43 Missing Kids and Very Few People Care

Matt Noack, Staff Writer

Imagine that right here in Crystal Lake, there were protests, big ones.  Protesters fighting police, tear gas, riot police: the works. Now let’s say that in this confusion, six people were killed, and 43 went missing. Yes, 43 people. Now what if those were 43 kids from Central?  What if these 43 were kids you saw in the hall in between periods, at lunch, or on the bus?  Guess what happened to those kids? Just days ago, the police were attacking these kids. Who would you suspect? Now what if those 43 were found buried in mass graves off route 14?

This may seem like a hellish and unimaginable scenario, but for the students and teachers of Ayotzinapa, Mexico, this has become a reality. For the last several weeks, students have been protesting police brutality and corruption.

Much of the Mexican police force across the nation have been found to have ties to organized crime and cartels. The police forces are often paid to ignore murders and drug shipping. This rampant corruption has left many Mexicans with no one to turn to for protection. With the only just authority in the country being the Zapitas, a Marxist guerilla force in the South, they can not enforce law across the whole nation.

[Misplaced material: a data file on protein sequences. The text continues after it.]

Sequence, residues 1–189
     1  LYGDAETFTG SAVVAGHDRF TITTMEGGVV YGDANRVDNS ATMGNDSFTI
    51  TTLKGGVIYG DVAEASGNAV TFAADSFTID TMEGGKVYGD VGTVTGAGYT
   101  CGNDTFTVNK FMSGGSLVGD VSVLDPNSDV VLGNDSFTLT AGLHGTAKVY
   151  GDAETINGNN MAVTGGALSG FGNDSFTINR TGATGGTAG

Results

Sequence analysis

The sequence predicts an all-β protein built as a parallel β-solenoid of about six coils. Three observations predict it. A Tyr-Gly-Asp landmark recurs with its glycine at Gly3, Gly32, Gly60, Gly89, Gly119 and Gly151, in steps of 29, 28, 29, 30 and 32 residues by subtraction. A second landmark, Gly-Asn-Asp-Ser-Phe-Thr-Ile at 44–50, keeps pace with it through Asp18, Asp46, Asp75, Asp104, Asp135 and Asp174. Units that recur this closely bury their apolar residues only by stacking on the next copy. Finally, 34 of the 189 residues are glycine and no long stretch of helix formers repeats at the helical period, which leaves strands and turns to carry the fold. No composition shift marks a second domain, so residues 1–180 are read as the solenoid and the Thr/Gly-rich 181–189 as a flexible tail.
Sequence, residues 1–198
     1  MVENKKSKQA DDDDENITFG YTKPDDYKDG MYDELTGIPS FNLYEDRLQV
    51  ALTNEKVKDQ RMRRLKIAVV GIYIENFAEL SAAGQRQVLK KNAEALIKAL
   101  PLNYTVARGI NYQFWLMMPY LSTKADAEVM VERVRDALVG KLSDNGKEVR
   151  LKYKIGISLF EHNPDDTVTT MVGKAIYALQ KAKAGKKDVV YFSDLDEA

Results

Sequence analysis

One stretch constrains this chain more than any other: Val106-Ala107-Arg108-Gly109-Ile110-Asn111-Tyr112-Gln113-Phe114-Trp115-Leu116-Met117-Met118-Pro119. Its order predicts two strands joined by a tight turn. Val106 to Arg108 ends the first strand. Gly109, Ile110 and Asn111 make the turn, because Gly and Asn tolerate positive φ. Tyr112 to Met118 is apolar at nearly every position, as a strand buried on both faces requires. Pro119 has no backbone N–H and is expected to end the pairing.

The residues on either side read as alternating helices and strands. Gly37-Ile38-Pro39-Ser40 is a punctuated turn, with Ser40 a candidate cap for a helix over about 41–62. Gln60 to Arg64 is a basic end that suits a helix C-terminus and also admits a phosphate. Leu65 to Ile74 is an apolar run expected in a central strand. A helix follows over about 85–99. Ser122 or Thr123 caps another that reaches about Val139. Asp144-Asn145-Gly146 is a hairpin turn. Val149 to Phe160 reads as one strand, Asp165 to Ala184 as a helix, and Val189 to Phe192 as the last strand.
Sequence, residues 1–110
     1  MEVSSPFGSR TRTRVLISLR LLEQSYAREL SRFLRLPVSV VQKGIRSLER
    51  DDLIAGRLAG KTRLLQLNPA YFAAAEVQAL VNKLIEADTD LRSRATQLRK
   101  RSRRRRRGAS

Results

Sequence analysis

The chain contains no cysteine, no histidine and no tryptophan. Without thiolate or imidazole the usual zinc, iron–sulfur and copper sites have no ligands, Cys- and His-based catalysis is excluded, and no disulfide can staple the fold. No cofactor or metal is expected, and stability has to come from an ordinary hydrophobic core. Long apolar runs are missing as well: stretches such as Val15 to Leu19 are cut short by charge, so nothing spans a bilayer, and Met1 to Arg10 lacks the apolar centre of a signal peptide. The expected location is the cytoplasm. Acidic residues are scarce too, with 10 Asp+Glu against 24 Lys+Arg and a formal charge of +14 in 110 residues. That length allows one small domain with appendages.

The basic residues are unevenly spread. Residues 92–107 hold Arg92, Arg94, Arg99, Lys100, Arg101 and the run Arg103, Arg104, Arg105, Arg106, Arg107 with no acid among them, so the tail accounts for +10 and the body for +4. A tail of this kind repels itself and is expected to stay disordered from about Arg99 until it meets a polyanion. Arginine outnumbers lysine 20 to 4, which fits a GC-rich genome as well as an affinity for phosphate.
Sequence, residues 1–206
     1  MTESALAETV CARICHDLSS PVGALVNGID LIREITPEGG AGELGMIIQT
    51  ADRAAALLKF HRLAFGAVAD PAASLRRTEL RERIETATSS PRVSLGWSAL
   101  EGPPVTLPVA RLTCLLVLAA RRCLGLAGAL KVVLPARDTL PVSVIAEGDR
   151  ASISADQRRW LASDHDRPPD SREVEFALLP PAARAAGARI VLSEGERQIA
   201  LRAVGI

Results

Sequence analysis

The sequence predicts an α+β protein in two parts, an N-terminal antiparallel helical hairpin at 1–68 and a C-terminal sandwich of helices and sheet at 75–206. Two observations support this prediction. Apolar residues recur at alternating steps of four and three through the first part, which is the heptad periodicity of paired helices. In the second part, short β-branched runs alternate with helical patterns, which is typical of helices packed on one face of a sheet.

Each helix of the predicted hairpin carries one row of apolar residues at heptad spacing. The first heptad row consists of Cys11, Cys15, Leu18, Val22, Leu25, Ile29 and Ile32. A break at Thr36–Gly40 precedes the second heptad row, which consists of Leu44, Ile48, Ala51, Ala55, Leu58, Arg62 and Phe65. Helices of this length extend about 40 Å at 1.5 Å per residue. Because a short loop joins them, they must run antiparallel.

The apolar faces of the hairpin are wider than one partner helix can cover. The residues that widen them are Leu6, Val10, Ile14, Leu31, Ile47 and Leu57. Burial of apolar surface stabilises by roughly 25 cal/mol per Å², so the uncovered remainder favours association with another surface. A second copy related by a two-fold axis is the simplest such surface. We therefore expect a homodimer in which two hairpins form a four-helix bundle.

In the last few days, however, protests in the Capitol have take a turn. This was sparked by the coming forward of several known gang members whom admitted to performing the killings for the police. While most of the protest had remained peaceful, a few had broken from the main group and begun fighting with police. After this, the door of the Mexican presidential palace was set on fire. There is some debate on whether this was done by protesters, or by paid government insiders. Either way, the Mexican president has gone to China to attend the G8 world conference.  Perhaps a solution can be reached to end the horrific violence.